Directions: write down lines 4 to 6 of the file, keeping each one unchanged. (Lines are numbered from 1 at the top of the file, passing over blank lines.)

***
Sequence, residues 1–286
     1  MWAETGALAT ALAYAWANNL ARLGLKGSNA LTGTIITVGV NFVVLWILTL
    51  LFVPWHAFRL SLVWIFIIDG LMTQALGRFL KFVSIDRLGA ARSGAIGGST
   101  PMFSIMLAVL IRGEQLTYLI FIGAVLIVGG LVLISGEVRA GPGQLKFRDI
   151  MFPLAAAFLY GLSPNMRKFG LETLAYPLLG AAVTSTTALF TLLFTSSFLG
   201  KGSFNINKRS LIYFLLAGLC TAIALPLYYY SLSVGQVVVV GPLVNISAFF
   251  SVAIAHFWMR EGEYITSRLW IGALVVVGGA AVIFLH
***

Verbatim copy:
   101  PMFSIMLAVL IRGEQLTYLI FIGAVLIVGG LVLISGEVRA GPGQLKFRDI
   151  MFPLAAAFLY GLSPNMRKFG LETLAYPLLG AAVTSTTALF TLLFTSSFLG
   201  KGSFNINKRS LIYFLLAGLC TAIALPLYYY SLSVGQVVVV GPLVNISAFF